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28 Fun And Fascinating Facts About Pumpkins

A pumpkin is a cultivar of a squash plant, most commonly of Cucurbita pepo, that is round, with smooth, slightly ribbed skin, and deep yellow to orange coloration. The thick shell contains the seeds and pulp. Take a look below for 28 more fun and fascinating facts about pumpkins.

1. In New Zealand and Australian English, the term “pumpkin” generally refers to the broader category called winter squash elsewhere.

2. Pumpkins are native to North America and are widely grown for commercial use and are used both in food and recreation.

3. Pumpkin pie is a traditional part of Thanksgiving meals in Canada and the United States.

4. Pumpkins are frequently carved as jack-o’-lanterns for decoration around Halloween.

5. The word “pumpkin” comes from the word “pepon”, which is Greek for “large melon,” or something round and large.

6. The word “pumpkin” has no agreed upon botanical or scientific meaning, and is used interchangeably with “squash” and “winter squash” in some areas.

7. Christopher Columbus is said to have carried pumpkin seeds back to Europe where they eventually were grown.

8. An average pumpkin contains about 1 cup of seeds that can be salted and dried or toasted to be used in bread and baked goods, or eaten out of hand as a snack.

9. Native Americans ate pumpkin flesh roasted, baked, boiled and dried. They ate pumpkin seeds and used them as medicine. The blossoms were added to stews and dried pumpkin was stored for winter use. They even dried the shells and used them as bowls and storage containers.

10. Pumpkin custard was the first dessert that the Pilgrims and Native Americans enjoyed at the early Thanksgiving celebrations.

11. The Pilgrims were known to make pumpkin beer by fermenting persimmons, hops, maple sugar and pumpkin.

12. The biggest pumpkin pie ever made was over 5 feet in diameter and weighed over 350 pounds. It used 80 pounds of cooked pumpkin, 36 pounds of sugar, 12 dozen eggs and took 6 hours to bake.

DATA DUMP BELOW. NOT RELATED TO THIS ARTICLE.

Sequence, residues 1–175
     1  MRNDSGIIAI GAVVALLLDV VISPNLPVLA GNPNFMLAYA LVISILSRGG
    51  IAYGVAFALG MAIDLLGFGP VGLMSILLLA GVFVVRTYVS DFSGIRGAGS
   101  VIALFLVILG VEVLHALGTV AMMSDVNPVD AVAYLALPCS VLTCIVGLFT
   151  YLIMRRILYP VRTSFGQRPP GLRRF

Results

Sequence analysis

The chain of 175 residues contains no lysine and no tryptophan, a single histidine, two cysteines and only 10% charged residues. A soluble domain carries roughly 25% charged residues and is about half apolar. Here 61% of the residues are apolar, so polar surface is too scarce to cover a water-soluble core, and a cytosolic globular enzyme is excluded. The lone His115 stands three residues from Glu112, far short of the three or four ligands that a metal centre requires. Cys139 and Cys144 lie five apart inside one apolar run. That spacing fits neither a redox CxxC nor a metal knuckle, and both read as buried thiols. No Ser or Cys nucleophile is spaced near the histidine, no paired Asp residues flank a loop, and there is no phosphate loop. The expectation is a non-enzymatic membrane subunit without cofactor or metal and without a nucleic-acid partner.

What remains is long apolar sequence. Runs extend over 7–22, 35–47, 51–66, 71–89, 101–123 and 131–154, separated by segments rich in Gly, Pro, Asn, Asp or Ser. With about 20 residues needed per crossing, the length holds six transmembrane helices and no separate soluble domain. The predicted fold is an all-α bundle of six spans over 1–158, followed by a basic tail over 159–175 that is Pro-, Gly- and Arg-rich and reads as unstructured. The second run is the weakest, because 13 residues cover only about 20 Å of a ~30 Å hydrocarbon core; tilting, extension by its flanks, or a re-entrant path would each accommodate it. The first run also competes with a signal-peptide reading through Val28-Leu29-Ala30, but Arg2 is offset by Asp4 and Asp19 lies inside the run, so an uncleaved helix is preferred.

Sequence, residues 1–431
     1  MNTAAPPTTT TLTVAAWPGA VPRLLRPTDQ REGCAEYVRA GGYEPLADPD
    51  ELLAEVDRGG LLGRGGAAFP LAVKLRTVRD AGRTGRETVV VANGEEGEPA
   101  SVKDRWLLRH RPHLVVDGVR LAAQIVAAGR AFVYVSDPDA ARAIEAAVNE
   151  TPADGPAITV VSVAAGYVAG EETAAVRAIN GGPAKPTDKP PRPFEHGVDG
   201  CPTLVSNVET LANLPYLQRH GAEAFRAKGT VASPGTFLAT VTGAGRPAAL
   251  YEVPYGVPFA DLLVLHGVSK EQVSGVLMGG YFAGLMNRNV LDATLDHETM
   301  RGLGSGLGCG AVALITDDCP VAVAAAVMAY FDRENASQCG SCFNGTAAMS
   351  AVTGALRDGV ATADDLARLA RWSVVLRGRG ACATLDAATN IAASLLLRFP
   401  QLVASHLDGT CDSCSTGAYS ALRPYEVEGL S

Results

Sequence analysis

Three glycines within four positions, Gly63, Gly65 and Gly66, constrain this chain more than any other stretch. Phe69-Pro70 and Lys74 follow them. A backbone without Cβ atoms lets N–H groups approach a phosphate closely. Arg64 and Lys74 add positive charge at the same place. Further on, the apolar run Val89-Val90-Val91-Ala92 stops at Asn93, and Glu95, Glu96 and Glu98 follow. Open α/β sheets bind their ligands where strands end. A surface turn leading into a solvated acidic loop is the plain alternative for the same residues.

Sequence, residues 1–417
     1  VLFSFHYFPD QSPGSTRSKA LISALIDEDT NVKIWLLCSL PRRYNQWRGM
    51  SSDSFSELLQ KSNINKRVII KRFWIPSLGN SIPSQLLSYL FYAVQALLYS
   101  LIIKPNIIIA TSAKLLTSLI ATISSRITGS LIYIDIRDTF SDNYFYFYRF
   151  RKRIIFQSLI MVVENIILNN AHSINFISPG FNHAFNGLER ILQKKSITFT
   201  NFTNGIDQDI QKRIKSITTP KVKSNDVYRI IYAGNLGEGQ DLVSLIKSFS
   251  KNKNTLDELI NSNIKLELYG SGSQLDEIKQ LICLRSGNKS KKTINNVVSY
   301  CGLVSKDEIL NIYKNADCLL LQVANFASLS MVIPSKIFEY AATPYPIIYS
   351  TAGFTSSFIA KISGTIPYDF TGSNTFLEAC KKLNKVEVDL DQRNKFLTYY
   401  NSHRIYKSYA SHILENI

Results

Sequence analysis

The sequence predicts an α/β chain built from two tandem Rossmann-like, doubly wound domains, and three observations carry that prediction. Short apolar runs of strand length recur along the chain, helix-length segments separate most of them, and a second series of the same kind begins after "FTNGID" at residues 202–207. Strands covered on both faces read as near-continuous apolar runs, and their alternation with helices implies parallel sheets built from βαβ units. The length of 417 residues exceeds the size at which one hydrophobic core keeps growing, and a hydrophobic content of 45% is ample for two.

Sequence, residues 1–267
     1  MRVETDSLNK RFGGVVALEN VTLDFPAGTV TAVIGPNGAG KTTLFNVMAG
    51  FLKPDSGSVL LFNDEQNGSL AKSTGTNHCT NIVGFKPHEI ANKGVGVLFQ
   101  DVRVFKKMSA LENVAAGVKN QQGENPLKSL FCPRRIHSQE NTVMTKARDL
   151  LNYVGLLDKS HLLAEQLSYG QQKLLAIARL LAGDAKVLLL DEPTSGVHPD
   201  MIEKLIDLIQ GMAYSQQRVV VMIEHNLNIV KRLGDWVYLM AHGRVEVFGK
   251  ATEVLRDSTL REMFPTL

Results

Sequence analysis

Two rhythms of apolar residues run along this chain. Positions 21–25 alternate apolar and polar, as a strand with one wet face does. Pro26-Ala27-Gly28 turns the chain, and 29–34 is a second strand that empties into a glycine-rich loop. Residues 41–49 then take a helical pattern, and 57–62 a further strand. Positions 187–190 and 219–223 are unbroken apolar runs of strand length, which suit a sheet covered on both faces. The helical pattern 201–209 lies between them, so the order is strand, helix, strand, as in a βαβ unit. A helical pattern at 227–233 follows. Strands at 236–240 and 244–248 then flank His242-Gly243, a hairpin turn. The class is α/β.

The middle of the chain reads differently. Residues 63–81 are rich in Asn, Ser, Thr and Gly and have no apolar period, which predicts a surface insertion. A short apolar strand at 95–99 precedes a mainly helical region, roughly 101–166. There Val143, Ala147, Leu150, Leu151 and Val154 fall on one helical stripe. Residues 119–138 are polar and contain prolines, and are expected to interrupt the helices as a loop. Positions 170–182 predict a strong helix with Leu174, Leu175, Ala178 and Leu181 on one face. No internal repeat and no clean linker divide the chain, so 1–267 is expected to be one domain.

13. In early colonial times, pumpkins were used as an ingredient for the crust of pies, not the filling.

14. Pumpkins were once recommended for removing freckles and curing snake bites.

15. The Connecticut field variety is the traditional American pumpkin.

16. Pumpkins are 90% water.

17. Native Americans flattened strips of pumpkins, dried them and made mats.

18. Native Americans called pumpkins “isqoutm squash.”

19. Pumpkin chunking is a competitive activity in which teams build various mechanical devices designed to throw a pumpkin as far as possible.

20. The record for the world’s heaviest pumpkin, 1,190.5 kilograms, or 2,624.6 pounds, was established in Belgium in 2016.

21. In the United States, the town of Half Moon Bay, California, holds an annual Art and Pumpkin Festival, including the World Champion Pumpkin Weigh-Off.

22. Canned pumpkin is often recommended by veterinarians as a dietary supplement for dogs and cats that are experiencing certain digestive ailments such as constipation, diarrhea or hairballs.

23. Raw pumpkin can be fed to poultry, as a supplement to regular feed, during the winter to help maintain egg production, which usually drops off during the cold months.

24. Pumpkins have been used as folk medicine by Native Americans to treat intestinal worms and urinary ailments.

25. In Germany and southeastern Europe, pumpkin seeds were used as folk remedies to treat irritable bladder and benign prostatic hyperplasia.

26. In China, pumpkin seeds were used in traditional Chinese medicine for treating parasitic disease schistosomiasis.

27. Pumpkin leaves are eaten as a vegetable in Korean cuisine.

28. Around 90% to 95% of the processed pumpkins in the United States are grown in Illinois.

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